5.2 Graphical Representation of Data:
Bar Chart
5.2 Example 1: You or your friend as a cricketer must be scoring runs in
your school matches. In one of such match assume you/your friend had scored a
century by scoring runs all around the wicket. The scoring must have been
across 6 major areas (Midwicket, Cover, Longon, Longoff, Fineleg & Thirdman) of the wicket. The scoring
pattern for 100 runs is given in the table given below:
Workings: Let us draw a table with scoring
area and runs scored as shown below:

This
data can be pictorially represented as shown in the adjoining figure (Bar
chart). The
vertical line has markings in steps of 5 runs (from 0 to 30). The
names of the area are marked on the horizontal line and each area is
represented by a bar. The
height(length) of the bar is proportional to runs scored. Width
of the bars is same. The
space between bars is same 

Pie Chart
Let
us represent the above data in a different format as shown in the adjoining
figure called Pie Chart. Here
the areas are represented by different colors, starting with Midwicket area,
the area in which highest runs were scored (28%). In
this type of chart, runs are represented by the size of the sector converted
to percentage. Higher
the percentage, larger will be the size of the sector (converted to
percentages). If
you compare the above two types of pictorial representations for the same
data (Bar chart and Pie chart), dont you think that Pie Chart is more
appropriate as compared to Bar chart in this example. Why? 

The
reason is Pie chart gives us a complete picture of scoring pattern and sum of
percentages of all sectors = 100%. Bar chart is
suitable when the data values expressed as %, do not add up to 100% (like in
the case of data for several time periods, countries etc) 
5.2
Example 2:
Let us consider the following example of results of a Board examination given
in pass percentage for few years as given below:

In
the adjoining figure, we have marked pass % from 42 and not from 0. (If
done from 0, the graph would have become too big) 

Construction
of Bar and Pie charts
5.2. Example 3: Draw a suitable chart to represent the
following data about heartbeat of a human being.
Age
in years ΰ 
5 
10 
12 
15 
Above
18 
Heart
beats/ Minute ΰ 
100 
90 
85 
80 
72 
Solution:
We
notice that heartbeats can not be expressed as % and hence Pie chart can not
be drawn for this set of data. We have to represent this data as Bar chart. Step1.
On a sheet of paper or graph sheet, draw a horizontal line OX, Step2. Draw a vertical line OY perpendicular to OX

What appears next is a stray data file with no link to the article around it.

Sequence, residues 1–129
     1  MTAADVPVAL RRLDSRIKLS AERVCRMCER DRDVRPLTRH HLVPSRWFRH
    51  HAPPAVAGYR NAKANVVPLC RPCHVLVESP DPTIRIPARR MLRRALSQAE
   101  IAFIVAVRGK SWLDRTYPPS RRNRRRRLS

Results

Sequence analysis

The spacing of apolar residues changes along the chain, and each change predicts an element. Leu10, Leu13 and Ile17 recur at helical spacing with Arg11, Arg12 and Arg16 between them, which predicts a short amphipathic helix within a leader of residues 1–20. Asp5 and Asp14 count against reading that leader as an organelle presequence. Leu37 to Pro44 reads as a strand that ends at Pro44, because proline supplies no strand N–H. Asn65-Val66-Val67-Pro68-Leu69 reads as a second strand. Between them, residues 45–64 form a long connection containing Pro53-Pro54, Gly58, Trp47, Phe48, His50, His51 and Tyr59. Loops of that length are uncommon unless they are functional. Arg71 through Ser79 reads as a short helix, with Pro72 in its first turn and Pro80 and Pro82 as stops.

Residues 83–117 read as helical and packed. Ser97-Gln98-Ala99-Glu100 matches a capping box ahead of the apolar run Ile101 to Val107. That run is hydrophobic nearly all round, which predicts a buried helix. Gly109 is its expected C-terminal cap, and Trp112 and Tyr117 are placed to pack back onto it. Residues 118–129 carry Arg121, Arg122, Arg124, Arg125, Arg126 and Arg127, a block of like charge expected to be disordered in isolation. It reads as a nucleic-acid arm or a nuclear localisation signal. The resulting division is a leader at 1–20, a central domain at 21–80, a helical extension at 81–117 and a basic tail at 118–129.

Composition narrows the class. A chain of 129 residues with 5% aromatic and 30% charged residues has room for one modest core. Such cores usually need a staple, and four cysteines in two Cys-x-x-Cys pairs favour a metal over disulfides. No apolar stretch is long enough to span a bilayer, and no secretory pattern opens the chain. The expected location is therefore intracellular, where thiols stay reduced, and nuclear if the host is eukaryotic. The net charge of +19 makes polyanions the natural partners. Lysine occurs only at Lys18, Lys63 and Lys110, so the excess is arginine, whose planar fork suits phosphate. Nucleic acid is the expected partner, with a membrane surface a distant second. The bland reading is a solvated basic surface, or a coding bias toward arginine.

at O OX
will be the line which will represent Ages and OY will be the line which will
represent heartbeats. Step
3. Since heartbeats are between72 and 100, we use the scale 1cm = 10
heartbeats. So
we have 100
hearbeats = 100*1cm/10 = 10cm 92
heartbeats = 92*1cm/10 = 9.2cm 85 heartbeats = 85*1cm/10 = 8.5cm 80 heartbeats = 80*1cm/10 =
8cm 72 heartbeats = 72*1cm/10 = 7.2cm These
will be the heights of bars. Step
4. On line OX, mark 5 at approximately 1.5cm away from O (this will represent the age
group 5). Step
5. Construct a bar of height 10cm (=100 heartbeats) and width of 1cm above
5. This bar will represent the age group 5. Step
6. Mark 10 at approximately 1.5cm away from the above bar (this will
represent the age group 10). Step
7. Construct a bar of height 9cm(=90 heartbeats) and width of 1cm above 10.
This bar will represent the age group 10. Step
8. Repeat steps 6 and 7 for the remaining age groups of 12, 15 and >18
with heights of bar equal to 8.5cm, 8cm and 7.2cm respectively. Width of the
bar will be same(1cm) 

5.2 Example 4: Draw a chart for viewer ship (viewing pattern) of
different channels, among 250 students, which is given below.
No 
Channel 
Students 
1 
National Geographic 
100 
2 
Discovery
Channel 
50 
3 
Sports Channel 
75 
4 
Others 
25 
Solution:
Since
students belonging to each category can be expressed as % of the total (250), we need to draw a Pie Chart. Step
1 : Calculate the size of sector proportionate to the number of students for
each of the above 4 categories. Note : Angle at center of circle is 360^{0}_{.} _{ }
We
multiplied each of the student count by 360 and divided them by total number
of students (250) to get the proportionate size of the sector. Step2.
Draw a circle of suitable radius Step3.
Mark the above angles at the center of the circle and draw sectors
correspondingly. Step4.
Shade them suitably so as to distinguish each of the sectors and write names
of the channel in the appropriate sector. 

5.2 Example 5: The four sections in 10^{th} standard of a school
have below mentioned class strength
Section 
Girls 
Boys 
Total 
A 
24 
36 
60 
B 
27 
30 
57 
C 
23 
40 
63 
D 
19 
35 
54 
Represent the above data in a suitable format.

We
could draw two bar charts for the above data (One
for boys, one for girls separately) In
such a case since charts are different, it would not be possible to read and
compare data easily. If
we represent data for girls and boys side by side as in figure on the left
hand side it becomes easy for analysis. Such
a bar chart is called Joint Bar Diagram (chart) As
an alternative, what if we represent data in the same bar one above the
other, like in the figure on the right hand side? Such
a bar chart is called Subdivided bar chart 

5.2 Summary of learning
No 
Points to remember 
1 
Bar
chart is a method of representation of data in bars of equal width. However
length of the bar is proportional to its figure (number). 
2 
Pie
chart is a method of representation of data in terms of sectors of a circle.
The size of sector is proportional to its figure (number).